This page gives engine data and the technical specification of the VP185 as published in a MAN B&W Diesel brochure circa 2004. The brochure contains separate data sheets, dated 11/2004, for Marine Propulsion, Marine Auxiliary and Off-shore, Rail Traction and Power Generation applications.
A brief history of the VP185's development can be found on the page Paxman Diesels since 1934.
Owners and operators of VP185 engines should not rely on the information given here (see Disclaimer) but seek the correct information about their particular engine(s) from MAN Diesel & Turbo UK Ltd, the current owners of the Paxman business, at their Colchester Business Unit.
|7.46 tonnes (dry)|
10.58 tonnes (dry)
(@ 1950 rpm)
|up to 2610 kWb|
up to 4000 kWb
|2175 / 2971 / 1660mm|
2178 / 3798 / 1450mm
|Bore and Stroke:||185 x 196mm|
|Mean Piston Speed:||11·8 m/s @ 1,800 rpm|
|Standard Rotation:||Anti-clockwise looking on the drive-end.|
|Aspiration:||Two stage turbocharging, intercooled and aftercooled.|
|Fuel Spec:||BS2869 Class A2 or equivalent.|
Engine mounted turbochargers
Engine mounted water cooled intercoolers and aftercooler
Engine driven primary and secondary coolant pumps
Engine driven lubricating oil pump
Heat exchanger/oil cooler
Lubricating oil pressure-relief valve
Lubricating oil filters
Crankcase explosion doors
Fuel oil filter
Electronic speed governor
Thermostatic valves for jacket water and lubricating oil systems
Standard paint finish
This is cast in high strength spheroidal graphite iron, and is a robust and lightweight design. In the lower portion of the crankcase the underslung crankshaft is supported by main bearing caps which are double cross bolted to the deep side faces of the casting. In addition the vertical main bearing studs are hydraulically tensioned and the entire arrangement provides a strong and stiff core for the engine. Generously sized crankcase doors are provided to give access to the connecting rods and crankshaft for in-situ servicing. The crankcase supports the remainder of the engine's components to provide a self contained power unit.
The piston is a monoblock design manufactured from spheroidal graphite iron. Piston cooling is achieved using a lubricating oil cooled gallery under the crown, behind the compression ring groove and much of the second ring groove. The oil feed is via accurately aligned standing jets mounted in the crankcase. The pistons run in wet liners made of centrifugally cast high grade cast iron. Each liner has a top flange which sits on the flat top deck of the crankcase. The liner is held between the crankcase and the cylinder head at the liner flange. The lower support for the liner is arranged to be high in the crankcase and incorporates two 'O' ring seals and a large 'wedge' ring.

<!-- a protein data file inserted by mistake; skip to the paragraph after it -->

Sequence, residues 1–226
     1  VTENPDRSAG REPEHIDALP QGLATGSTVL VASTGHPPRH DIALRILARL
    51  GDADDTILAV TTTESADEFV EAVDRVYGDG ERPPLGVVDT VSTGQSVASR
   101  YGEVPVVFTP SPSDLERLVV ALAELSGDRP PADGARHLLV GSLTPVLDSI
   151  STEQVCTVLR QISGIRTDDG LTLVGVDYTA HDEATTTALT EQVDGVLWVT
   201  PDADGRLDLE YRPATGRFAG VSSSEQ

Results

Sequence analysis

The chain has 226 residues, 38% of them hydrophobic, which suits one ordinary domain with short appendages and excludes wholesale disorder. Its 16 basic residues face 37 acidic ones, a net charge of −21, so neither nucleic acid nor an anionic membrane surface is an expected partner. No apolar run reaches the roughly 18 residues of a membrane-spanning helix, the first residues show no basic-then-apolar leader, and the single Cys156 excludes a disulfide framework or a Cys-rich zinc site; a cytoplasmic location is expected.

Side by side connecting rods are made from high-strength forged steel. The rods are fully machined to give strength and weight consistency between individual rods. After machining they are ferritic nitro-carburised. The large end is obliquely split to allow the rod to pass through the liner for assembly and overhaul. This permits rod and piston removal from the top of the engine without the need to remove the engine from its mounts.
The crankshaft is a fully machined steel forging, gas nitrided for maximum strength and long wear life. Counterbalance weights are bolted to the crankshaft on every throw to reduce the out of balance caused by the connecting rods. The generous overlap between crankpin and main bearing journal provides a high degree of stiffness. Torsional damping is by means of either a tuned damper (18VP185), or a viscous damper (12VP185), fitted to the free end and totally enclosed within the free end casing.
The cylinder heads are manufactured from high strength compacted graphite iron and have an internal configuration that ensures maximum flame face stiffness and high cooling efficiency. They are mounted individually and can be removed for maintenance without disturbing adjacent heads. The air and exhaust ports have been optimised aerodynamically to maximise the efficiency of cylinder charging and scavenging. Each cylinder head carries two inlet and two exhaust valves, and a centrally located unit pump injector.
A single camshaft located in the centre of the engine vee provides the actuation for all valves and unit pump injectors. The 90° vee engine configuration allows the camshaft gear to mesh directly with the crankshaft gear, so eliminating the need for an idler gear and providing a very stiff drive to the fuel injection equipment. Large base circle cams coupled to high rates of lift give the essential characteristics for good combustion and low emission levels. The camfollower, push rod and rocker lever feature maximised stiffness consistent with minimised associated mass.
The VP185 has a passive two-stage turbocharging system with intercooling and aftercooling. No valves or electronic controls are needed thereby maintaining the engine's central theme of simplicity and reliability.
All of the exhaust manifolds are contained in water cooled gas tight casings. The turbochargers are mounted directly into the side wall of water cooled turbocharger housings. The turbine side of the turbochargers and all exhaust ductwork are contained within the water cooled housing. The total arrangement of manifolds, turbochargers and housings gives the engine a gas tight system with cool exposed surfaces, an important safety feature.